In 1984 the French navy located the Alabama within French territorial waters. British preservationist groups wanted the wreck, if raised, to be displayed at Birkenhead, where she was built. The U. S. government asserted ownership, however, and in 1989 Congress passed a preservation act to protect the wreck.

Alabama Claims
Claims by the United States against Britain for losses suffered at the hands of the Confederate raiders by Northern shipping during the 1861-1865 U. S. Civil War. As early as November 1862, the U. S. government had filed claims with the British government for these losses. After the Civil War, the fact that London had allowed the fitting out of the Alabama and other Confederate cruisers became a major stumbling block in Anglo-American relations. Washington believed, rightly or wrongly, that London’s persistent disregard of its own proclamation of neutrality had heartened the South and prolonged the conflict.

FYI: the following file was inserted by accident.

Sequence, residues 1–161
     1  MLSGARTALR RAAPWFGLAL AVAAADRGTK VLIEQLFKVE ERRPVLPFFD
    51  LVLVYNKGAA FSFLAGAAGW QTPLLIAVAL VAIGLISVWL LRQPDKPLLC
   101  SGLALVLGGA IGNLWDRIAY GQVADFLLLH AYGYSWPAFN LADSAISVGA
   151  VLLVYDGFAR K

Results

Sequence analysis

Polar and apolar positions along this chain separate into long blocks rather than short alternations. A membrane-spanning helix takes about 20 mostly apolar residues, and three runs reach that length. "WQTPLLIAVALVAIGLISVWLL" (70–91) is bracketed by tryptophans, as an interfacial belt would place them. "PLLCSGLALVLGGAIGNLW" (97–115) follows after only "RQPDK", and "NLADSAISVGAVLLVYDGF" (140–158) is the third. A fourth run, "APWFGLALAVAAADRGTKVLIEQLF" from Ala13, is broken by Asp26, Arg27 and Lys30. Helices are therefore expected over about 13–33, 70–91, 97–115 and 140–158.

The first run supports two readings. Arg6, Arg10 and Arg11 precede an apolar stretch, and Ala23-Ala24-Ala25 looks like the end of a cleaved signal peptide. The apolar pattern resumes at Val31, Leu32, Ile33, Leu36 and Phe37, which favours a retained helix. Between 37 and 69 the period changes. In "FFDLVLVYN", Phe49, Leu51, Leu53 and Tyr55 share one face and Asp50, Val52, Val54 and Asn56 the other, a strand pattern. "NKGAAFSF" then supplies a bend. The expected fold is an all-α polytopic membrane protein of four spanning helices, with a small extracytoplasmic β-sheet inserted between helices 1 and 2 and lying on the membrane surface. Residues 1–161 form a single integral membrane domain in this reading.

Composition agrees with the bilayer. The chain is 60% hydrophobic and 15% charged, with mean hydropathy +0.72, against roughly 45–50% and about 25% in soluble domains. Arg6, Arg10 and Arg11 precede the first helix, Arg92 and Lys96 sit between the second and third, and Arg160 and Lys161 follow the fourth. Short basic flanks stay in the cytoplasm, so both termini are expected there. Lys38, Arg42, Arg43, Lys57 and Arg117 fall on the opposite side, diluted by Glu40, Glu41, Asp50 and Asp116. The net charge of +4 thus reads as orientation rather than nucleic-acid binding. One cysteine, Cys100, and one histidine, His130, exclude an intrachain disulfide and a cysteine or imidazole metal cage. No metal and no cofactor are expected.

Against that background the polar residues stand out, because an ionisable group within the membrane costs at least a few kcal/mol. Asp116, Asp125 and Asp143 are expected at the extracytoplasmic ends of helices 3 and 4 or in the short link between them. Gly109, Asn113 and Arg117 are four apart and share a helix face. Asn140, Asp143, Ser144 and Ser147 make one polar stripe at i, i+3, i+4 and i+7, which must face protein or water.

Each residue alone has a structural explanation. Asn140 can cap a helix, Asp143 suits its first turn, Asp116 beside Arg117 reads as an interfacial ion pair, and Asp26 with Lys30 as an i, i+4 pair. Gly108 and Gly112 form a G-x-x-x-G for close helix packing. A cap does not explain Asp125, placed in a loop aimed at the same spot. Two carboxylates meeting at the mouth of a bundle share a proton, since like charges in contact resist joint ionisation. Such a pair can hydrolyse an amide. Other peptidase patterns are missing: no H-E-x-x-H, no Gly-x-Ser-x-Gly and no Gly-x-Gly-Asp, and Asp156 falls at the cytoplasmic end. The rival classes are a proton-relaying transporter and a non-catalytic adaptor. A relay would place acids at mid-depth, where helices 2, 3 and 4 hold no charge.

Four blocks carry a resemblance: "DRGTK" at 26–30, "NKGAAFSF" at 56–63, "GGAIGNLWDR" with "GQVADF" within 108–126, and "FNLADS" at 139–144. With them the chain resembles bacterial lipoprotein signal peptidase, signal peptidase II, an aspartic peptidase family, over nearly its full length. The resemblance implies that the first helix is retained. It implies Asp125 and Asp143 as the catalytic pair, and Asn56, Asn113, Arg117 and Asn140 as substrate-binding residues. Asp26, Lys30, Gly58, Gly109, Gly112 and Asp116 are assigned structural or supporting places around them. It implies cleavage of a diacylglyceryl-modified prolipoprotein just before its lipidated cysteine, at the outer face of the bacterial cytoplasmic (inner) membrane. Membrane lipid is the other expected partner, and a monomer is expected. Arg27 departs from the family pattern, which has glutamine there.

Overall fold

Charles Sumner, the powerful chairman of the Senate Committee on Foreign Relations, asserted that Britain owed the United States half the cost of the war, or some $2.5 billion. He proposed that the United States take British possessions in the Western Hemisphere, including Canada, as compensation.

Little was done to meet U. S. demands for compensation until 1871, when Germany defeated France. With the European balance of power decisively changed, statesmen in London believed it might be wise to reach some accommodation with the United States against the possibility of a German drive for world hegemony. London proposed establishment of an arbitration tribunal.